A cricket magazine might not be the first place you’d expect to see a report of the World Series of Poker, but when the subject matter is Shane Warne it’s perhaps not quite as surprising.
To those who don’t follow cricket, Warne is regarded as one of the greatest bowlers in the history of the game. Warne was a devastating spin bowler, whose capricious leg-breaks claimed 708 test wickets across 15 years playing for Australia. Dubbed “The King of Spin”, Warne cultivated a reputation for excellence on the field and a little notoriety off it, making regular appearances on the front and back pages of various tabloids.
Retiring from the International game in 2007, Warne, like so many former athletes, turned to poker as a means of satisfying his competitive urges. This summer he was once more in Las Vegas for the WSOP main event, watched from the Brasilia Room rail by his wife Liz Hurley. Standing out a little, she, in turn, was watched by several hundred Brasilia room players.
The article in The Cricketer, by Andrew Miller, recounts Warne’s experiences in Las Vegas (he was eliminated on the first day) while looking back on his cricketing days. In a telling sign of Warne’s commitment to poker the 43-year-old admits, in the limo on the way to the tournament, that he’s just keen to get started. “This is the same buzz I used to get from playing cricket,” he says.
While sponsored by an online poker site, Warne not in it for the publicity, but, it seems, because of an inherent love of the game. The concept of defeat doesn’t rest well and so poker comes first, so much so that in 2009 his four day run in the main event (he would finish a handful of places off the money), made him miss the first test of the Ashes in Cardiff, where he was due to commentate.
“Poker is his passion and his pleasure and, increasingly, a prism through which the character of one of the world’s greatest sportsmen can be viewed,” writes Miller, who also manages to capture the essence of poker, stripping down to its most basic parts before comparing it with cricket.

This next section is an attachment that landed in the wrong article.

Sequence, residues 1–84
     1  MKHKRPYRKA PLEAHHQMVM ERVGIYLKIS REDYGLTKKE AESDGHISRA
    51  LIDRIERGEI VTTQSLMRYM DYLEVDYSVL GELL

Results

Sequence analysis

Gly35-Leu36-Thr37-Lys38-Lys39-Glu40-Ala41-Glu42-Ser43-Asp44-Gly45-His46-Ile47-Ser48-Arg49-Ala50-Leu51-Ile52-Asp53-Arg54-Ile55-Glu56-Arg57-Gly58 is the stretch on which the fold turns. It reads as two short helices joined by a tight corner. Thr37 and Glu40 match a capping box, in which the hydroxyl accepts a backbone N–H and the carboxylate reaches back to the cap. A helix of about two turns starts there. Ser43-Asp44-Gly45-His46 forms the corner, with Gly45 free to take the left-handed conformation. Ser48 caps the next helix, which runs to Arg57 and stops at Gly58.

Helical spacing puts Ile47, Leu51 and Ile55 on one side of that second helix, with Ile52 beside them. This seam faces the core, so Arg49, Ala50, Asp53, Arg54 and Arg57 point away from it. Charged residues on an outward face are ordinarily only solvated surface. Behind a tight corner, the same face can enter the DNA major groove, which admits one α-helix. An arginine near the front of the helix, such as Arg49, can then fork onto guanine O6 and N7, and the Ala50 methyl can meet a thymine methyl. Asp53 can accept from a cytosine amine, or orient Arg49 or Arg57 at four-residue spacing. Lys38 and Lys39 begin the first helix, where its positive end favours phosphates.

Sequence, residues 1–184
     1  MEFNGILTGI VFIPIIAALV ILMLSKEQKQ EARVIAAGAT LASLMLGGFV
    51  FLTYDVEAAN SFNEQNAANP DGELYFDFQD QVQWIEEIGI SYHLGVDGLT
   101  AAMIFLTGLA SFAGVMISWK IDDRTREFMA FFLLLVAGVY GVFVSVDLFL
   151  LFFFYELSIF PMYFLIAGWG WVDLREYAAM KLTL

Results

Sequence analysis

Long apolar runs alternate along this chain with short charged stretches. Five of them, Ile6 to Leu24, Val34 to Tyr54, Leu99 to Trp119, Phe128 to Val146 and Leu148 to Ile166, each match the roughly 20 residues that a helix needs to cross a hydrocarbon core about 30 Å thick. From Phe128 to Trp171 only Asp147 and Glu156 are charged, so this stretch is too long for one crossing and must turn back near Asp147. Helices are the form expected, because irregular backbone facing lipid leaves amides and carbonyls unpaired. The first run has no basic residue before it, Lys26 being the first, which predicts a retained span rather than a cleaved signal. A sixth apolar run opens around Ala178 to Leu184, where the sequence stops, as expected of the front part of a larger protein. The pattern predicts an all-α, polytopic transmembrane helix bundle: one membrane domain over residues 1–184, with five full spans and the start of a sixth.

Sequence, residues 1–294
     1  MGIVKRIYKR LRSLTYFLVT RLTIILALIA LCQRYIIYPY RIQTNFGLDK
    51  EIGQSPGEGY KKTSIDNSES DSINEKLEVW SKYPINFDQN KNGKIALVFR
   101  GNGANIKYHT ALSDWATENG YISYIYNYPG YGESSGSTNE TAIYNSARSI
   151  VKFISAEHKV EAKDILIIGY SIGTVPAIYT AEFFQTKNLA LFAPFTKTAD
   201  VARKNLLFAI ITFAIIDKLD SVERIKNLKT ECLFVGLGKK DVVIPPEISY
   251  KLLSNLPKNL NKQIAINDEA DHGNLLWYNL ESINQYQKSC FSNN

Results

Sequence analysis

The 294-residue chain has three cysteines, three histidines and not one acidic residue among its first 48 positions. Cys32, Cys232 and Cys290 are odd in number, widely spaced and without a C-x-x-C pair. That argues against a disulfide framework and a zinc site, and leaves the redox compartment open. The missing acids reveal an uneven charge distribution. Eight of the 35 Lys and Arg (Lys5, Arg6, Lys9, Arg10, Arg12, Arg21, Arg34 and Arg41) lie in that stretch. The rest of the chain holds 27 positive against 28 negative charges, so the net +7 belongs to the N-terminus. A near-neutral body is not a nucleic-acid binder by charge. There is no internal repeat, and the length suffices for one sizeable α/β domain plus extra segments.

“It is not hard to see why Warne is hooked,” he writes. “In poker, as in spin bowling, the mind-games can be gladiatorial. Whereas the skill of a fast bowler is backed up by the threat of physical violence, even the wiliest of spinners have only their own wits to call upon. The pitch may help, just as a poker player can be aided by the cards that are dealt as the betting progresses, but ultimately each had is a battle of conviction: the projection of a belief that the cards you hold are better than those of your opponent and that at the crucial moment your skill will either maximise your winnings or – just as importantly – cut your losses.”
Conviction, skill and maximising opportunities. Again poker shows, in analogy form, its capacity to reach the places other sports and games cannot reach. We can expect to see Warne at the poker tables for some time yet.
Read the full article in The Cricketer magazine.